Jennifer Gnana looks back on her journey loving and learning Bharatanatyam, a Tamil classical dance form
Written in Water: a moving tribute to India's Bhakti & Sufi movements
Watching Written in Water, choreographed by the Minnesota-based Raagmala dance troupe at New York University - Abu Dhabi’s Arts Centre last night took me back in time. Bharatanatyam - a classical Tamil dance and the subcontinent’s oldest has been my long-abiding love and the performance reminded me of my own journey of re-discovering this most graceful art form.
I tied my first salangai (anklets) - worn by Indian classical dancers to perform intricate footwork to match a vocalist’s beats - at the age of four. I was always the quirky one on stage. Short and skinny, with hair like a little boy, I cut an odd figure. Backstage, makeup artists struggled to attach the jadai (braided hair extensions) to my sparse hair and eventually settled to pinning a strand of jasmine to the crown of my head. Unlike the elegant dancers, draped in silk, making them appear like apsaras (godly nymph-like dancers of Hindu mythology), with their bodies set to hour-glass perfection according to the sensibilities of centuries of Indian aesthetic, I had an ungainly gait, with no amount of padded fabric helping me achieve celestial perfection. However, despite my lack of stage glamour, I gave myself over to dance and for all my visible flaws, remained a dedicated student.
However, our move to Bahrain at the age of eight put a slow end to my learning. My mother and I worried about finding a good teacher and though I performed on stage for a couple of years, I gave it up for lack of training. The salangai remained in my room and there were days I would open the box, kiss the anklets and put them back with a sigh. I grew out of my silk dancer’s clothes and they remained in the cupboard, a relic of my childhood.
However, my move to Dubai last year renewed my search for a good teacher and I started lessons again, only to give up when my work as a journalist took up much of my time.
This is why sat in the audience last night, watching the mother-daughter duo perform with their troupe made me realise it was never too late to learn.
Ranee Ramaswamy, 65, founded the dance academy when she was 40 having earlier given up the dance form when she to moved to the US, as she was expected to focus on her family.
Trained under the iconic dancer Alarmel Valli in Chennai, Ranee and her daughter Aparna, 41, now manage a team that performs across the US, UK, the UAE as well as India. Both Ranee and Aparna are not just background managers but actually perform in all their shows. Watching them last night, moving to a beautiful meld of Iraqi, jazz and Carnatic (southern Indian) music by composer Amir El Saffar was an absolute treat.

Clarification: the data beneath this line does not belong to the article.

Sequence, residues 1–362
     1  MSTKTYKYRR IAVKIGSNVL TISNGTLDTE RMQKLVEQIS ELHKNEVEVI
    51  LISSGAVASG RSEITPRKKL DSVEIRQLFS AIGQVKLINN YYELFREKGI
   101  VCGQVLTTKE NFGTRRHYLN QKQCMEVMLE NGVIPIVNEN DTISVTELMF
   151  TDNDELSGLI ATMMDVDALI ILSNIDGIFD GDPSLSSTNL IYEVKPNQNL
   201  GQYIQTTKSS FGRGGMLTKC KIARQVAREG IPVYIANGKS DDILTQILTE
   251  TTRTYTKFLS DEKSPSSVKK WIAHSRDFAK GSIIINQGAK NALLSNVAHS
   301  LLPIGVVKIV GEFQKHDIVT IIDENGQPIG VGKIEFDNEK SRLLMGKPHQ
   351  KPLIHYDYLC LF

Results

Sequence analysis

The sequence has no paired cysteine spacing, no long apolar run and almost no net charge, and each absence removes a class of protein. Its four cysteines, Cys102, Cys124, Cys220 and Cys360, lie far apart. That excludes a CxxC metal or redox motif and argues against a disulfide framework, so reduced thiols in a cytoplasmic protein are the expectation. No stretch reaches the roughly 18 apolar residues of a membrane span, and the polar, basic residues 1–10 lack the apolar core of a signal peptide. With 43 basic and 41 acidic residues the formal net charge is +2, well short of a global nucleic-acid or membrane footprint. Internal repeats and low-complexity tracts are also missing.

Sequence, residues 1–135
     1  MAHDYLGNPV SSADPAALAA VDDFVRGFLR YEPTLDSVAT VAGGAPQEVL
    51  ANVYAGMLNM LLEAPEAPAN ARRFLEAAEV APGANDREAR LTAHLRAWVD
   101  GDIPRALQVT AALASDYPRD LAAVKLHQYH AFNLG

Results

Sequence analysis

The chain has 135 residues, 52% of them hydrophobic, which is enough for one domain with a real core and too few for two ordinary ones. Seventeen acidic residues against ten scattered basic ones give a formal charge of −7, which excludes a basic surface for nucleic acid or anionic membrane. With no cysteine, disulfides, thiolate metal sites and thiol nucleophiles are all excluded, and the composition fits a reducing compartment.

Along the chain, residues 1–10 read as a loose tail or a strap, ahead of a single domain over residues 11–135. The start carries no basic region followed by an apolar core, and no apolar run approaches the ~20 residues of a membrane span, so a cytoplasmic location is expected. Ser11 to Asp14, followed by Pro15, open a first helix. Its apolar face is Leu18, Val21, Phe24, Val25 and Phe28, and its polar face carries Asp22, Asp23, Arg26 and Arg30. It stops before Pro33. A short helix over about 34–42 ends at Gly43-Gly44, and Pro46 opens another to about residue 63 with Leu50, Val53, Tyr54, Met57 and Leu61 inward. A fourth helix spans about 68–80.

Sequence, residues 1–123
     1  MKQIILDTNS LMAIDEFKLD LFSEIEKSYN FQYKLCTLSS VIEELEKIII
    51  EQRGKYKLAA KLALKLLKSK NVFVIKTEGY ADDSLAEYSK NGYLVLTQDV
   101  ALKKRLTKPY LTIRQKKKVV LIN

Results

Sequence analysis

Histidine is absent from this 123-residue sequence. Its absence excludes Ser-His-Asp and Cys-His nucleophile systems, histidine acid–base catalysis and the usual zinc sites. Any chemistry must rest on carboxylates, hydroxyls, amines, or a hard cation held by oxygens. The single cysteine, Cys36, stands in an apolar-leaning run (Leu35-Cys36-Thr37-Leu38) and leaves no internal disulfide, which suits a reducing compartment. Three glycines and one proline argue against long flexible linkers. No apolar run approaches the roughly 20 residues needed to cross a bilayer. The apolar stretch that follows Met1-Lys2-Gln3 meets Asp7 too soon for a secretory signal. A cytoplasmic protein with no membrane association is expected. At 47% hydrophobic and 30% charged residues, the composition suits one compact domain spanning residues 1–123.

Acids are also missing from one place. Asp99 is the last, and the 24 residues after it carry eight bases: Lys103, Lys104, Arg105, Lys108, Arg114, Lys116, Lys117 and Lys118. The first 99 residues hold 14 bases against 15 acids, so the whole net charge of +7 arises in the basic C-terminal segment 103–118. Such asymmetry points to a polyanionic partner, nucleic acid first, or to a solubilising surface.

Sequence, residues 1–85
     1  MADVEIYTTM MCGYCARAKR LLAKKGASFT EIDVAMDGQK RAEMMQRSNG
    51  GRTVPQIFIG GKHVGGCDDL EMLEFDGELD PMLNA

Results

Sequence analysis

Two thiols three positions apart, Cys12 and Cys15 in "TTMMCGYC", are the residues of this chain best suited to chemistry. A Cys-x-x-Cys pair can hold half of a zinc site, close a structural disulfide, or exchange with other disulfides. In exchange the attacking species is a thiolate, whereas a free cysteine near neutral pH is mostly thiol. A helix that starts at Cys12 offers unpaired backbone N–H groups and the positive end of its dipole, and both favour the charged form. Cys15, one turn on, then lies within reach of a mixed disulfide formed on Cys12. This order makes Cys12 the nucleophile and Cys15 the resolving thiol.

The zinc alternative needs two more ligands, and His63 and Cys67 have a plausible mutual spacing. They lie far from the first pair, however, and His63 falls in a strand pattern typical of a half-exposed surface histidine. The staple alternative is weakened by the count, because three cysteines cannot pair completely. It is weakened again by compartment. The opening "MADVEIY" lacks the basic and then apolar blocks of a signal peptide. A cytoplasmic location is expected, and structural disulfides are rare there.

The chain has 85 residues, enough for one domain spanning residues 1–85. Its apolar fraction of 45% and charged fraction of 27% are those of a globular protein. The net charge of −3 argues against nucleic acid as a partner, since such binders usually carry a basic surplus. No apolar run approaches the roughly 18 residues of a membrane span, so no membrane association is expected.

The Carnatic musician's rendition perfectly yielded to Amir’s trumpet, and soft, moving vocals in Arabic. It warmed me to see the audience clap in between various segments, which was unusual for me as back in Tamil Nadu (India’s southern-most state), a Bharatanatyam performance is a sober event, performed as a prayer dance and treated very reverentially by the audience. Tamils, by nature remain conservative when it comes to safeguarding their culture and as a result Bharatanatyam remains one of the most guarded dance forms, very rarely, if ever allowing innovations on stage. What Ranee and Aparna have done is keep form at its purest, while allowing the Sufi music to lend to one of our greatest dances a truly global connect.
My most moving moment of the night came towards the end when the Carnatic vocalist ended the performance by singing in Tamil, “Anaithum neeye, anaithin porulum neeye”, which translated means “Everything is you, the meaning of everything and matter is you.” A line, straight out of the Bhakti and Sufi movements that characterised 15th century subcontinent, making sweeping changes to the dogmatic nature of religion and marking the emergence of India as one of the most spiritual places on earth.
Between the fifteenth and seventeenth centuries, the Tamil-speaking regions saw a slow movement towards devotional worship on the essence of God. Brushing aside centuries of puritanical Hinduism, the devotees of what is now called the Bhakti (devotion) movement immersed themselves in song and poetry, often sung in local languages in contrast to worship that used largely Sanskrit - a language incomprehensible to the common man and used only by Hindu clergy. The Bhakti devotees took their ideas northward only to meet, with the arrival of Islam in the subcontinent, the Sufi mystics of the northern plains. The amalgamation of their ideas gave birth some of the most beautiful poetry in Urdu - a language that grew from the mixing of khariboli, the lingua franca of northern India and Persian, the language of the Mughal courts. It also led to the birth of Sikhism, a religion that embraces aspects of the subcontinent’s diverse Hindu faiths with Islamic tenets.
Yesterday’s performance was a beautiful synthesis of the Bhakti and Sufi movements and made me realise how much we could leverage art, even those guarded by purists by allowing it to match the rhythm of our times.
Last week, after watching an eighties Tamil film Sindhu Bhairavi about a fallen Carnatic musician, who finds his groove, I messaged my Bharatanatyam teacher saying I was thinking of coming back to class. In the film, the reformed musician finds himself back on stage and sings an invocation to Kalaivani, the Tamil word for Goddess Lakshmi, the patron of arts (kalai) in Hindu tradition. “I want dance to this, I want to come back,” I had texted her.
On my way out of the NYU arts centre auditorium, with anaithum neeye ringing in my ears, I decided it was time to wear my salangai again. I was going back.